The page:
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Keeping the Promise

Essays on Leadership, Democracy, and Education

Series:

Dennis Carlson and C.P. Gause

This volume raises critical questions about the qualities of democratic educational leadership during a time when the promise of democratic education and public life risks being abandoned, forgotten, and emptied of meaning. A diverse chorus of scholars in education take on this issue by analyzing the cultural context of educational leadership in the age of No Child Left Behind, by offering democratic counter-narratives of educational leadership, and by deconstructing popular culture representations of educational leaders. In doing so, they re-situate leadership within a political context and link it to struggles over social justice and human freedom. The contributing scholars also radically re-think educational leadership in ways that include teachers, university-based educators, and scholars as leaders.

«…This book addresses the crisis of democratic public education and public life in America. The authors focus on how dominant leadership models have failed schools and universities, and discuss the kind of democratic leadership needed in unsettling times in America [in order to] reclaim the notion of «the promise.» In this case, the promise has to do with public education that levels the playing field rather than reproduces inequalities, that recognizes difference without «othering» it, and that establishes the condition for a democratic habitus. This book…provides a set of recommendations and analyses that [are essential] for those interested in progressive educational change, and in nurturing responsible, honest, and enlightened educational leadership in our schools and universities.» (Carlos Alberto Torres, Professor, Social Sciences and Comparative Education; Director, Paulo Freire Institute, University of California-Los Angeles)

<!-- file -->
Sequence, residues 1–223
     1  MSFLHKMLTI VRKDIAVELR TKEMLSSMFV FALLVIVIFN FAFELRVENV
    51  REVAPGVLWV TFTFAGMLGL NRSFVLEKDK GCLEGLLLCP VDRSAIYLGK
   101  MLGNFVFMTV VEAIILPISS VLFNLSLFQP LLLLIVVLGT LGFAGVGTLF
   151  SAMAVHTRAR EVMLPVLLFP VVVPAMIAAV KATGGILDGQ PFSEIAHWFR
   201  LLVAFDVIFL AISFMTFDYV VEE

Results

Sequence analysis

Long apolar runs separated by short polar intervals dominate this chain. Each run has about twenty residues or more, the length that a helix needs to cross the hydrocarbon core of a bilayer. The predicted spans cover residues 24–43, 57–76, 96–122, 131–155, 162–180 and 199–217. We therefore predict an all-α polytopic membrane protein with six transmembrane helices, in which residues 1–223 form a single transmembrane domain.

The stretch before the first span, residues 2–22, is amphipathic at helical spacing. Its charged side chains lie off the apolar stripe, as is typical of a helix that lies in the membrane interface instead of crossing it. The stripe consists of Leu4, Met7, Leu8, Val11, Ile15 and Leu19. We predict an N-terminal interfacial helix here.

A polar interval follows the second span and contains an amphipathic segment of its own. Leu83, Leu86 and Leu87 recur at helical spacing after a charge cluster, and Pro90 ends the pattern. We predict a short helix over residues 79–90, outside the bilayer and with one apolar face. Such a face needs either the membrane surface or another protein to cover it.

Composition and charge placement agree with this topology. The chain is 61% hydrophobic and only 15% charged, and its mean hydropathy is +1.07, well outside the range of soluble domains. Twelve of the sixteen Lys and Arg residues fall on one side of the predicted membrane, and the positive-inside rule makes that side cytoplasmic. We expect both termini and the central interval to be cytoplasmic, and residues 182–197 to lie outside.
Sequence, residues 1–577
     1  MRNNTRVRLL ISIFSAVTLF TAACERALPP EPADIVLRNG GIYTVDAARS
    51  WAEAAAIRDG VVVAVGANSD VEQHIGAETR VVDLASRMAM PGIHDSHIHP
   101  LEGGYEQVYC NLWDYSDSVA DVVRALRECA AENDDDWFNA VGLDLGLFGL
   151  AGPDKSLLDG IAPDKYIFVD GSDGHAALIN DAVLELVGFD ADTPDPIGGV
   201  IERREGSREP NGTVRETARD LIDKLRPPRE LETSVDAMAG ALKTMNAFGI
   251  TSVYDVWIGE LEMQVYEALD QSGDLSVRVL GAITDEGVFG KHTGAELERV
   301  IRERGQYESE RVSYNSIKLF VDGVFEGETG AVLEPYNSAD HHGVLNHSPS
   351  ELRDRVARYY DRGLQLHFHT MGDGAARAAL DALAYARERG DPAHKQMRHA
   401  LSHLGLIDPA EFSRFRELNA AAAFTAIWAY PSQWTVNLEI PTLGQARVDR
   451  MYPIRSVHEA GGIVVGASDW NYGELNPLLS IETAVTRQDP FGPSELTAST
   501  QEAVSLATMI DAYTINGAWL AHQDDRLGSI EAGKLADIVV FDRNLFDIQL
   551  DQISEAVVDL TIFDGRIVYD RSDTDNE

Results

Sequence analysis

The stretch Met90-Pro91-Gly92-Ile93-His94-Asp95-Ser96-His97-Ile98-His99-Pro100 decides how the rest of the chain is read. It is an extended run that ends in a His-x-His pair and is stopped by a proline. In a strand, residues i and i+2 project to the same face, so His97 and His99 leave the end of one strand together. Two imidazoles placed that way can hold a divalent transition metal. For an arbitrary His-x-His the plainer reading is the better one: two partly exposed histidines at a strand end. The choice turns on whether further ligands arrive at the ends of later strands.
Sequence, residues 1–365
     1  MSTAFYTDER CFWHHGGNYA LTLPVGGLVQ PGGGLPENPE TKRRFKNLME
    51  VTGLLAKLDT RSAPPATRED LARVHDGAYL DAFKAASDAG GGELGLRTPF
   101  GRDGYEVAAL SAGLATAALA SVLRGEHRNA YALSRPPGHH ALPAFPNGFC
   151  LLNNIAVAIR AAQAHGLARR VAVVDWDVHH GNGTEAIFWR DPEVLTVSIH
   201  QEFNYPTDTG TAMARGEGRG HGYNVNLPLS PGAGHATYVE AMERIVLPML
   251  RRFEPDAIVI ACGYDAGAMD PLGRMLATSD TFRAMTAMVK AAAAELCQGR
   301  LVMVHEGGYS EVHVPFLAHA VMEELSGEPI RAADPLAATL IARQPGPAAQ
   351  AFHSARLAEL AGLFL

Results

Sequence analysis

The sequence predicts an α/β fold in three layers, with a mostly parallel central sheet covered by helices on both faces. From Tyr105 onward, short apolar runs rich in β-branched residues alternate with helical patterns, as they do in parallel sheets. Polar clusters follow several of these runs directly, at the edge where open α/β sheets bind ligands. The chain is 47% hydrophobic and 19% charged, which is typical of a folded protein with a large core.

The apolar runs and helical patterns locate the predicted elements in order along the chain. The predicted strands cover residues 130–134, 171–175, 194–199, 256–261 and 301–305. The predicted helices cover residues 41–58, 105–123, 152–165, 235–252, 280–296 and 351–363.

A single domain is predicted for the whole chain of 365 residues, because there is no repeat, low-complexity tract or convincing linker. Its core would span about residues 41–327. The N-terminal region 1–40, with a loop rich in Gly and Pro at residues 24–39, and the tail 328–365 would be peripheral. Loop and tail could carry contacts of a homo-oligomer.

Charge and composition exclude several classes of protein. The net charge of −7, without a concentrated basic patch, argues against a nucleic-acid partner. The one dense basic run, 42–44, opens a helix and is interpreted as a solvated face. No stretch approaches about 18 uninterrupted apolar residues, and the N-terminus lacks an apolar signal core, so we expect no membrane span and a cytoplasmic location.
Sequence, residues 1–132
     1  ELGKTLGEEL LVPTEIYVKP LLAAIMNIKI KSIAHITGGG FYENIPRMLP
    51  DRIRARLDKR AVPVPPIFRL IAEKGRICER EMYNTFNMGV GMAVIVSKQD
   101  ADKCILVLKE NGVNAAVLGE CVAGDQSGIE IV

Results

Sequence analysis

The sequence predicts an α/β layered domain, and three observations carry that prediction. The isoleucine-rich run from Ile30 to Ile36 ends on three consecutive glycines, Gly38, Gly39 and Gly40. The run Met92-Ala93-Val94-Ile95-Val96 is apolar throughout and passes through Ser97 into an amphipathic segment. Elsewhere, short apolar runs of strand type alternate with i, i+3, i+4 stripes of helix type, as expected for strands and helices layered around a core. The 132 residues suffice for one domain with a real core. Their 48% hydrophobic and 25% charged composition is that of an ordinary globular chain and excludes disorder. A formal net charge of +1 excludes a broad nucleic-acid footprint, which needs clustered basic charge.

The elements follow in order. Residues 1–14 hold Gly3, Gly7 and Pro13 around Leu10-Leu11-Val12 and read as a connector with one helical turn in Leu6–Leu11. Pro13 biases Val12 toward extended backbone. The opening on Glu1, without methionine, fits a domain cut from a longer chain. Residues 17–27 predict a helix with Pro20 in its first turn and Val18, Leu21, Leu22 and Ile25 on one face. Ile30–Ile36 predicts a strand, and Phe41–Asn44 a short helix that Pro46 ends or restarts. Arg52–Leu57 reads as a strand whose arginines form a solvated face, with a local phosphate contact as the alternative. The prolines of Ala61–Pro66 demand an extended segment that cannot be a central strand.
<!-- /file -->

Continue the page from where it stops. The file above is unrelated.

«It is not often recognized that school leadership was a central, explicit concern in the first graduate program in social foundations of education at Columbia Teachers College in the early 1940s. This book, more than any other I can think of, brings together social critique, democratic theory, and school leadership practice in ways that extend that original agenda. Each well-chosen chapter makes a valuable contribution to addressing the central questions posed by the editors: ‘In an age when the democratic promise of public education is «at risk,» what is the responsibility of educational leaders? To whom and for what are they responsible?’ Every school leadership program in the nation should be addressing these tensions, and this volume is unique in its ability to help them do so.» (Steve Tozer, Professor and Coordinator, Ed.D. Program in Urban Educational Leadership, University of Illinois-Chicago)
«…Up to this point, if I wanted my graduate students in educational leadership to learn about different conceptual and epistemological perspectives on education, I sent them to professors in curriculum and instruction. Now we have this outstanding collection of chapters, authored by scholars who cut across disciplinary boundaries, to help us rethink educational leadership in an age of accountability. Because notions of leadership should be of concern to all educators, regardless of position, this book should be required reading not only in every educational leadership program in the country, but in every education department. It moves beyond simplistic critiques of accountability and leadership, and deftly reveals the complexities of leadership in ways that will enrich students’ conceptual thinking and push the bounds of their own research and practice.» (Colleen Capper, Professor, Educational Leadership and Policy Analysis, University of Wisconsin-Madison)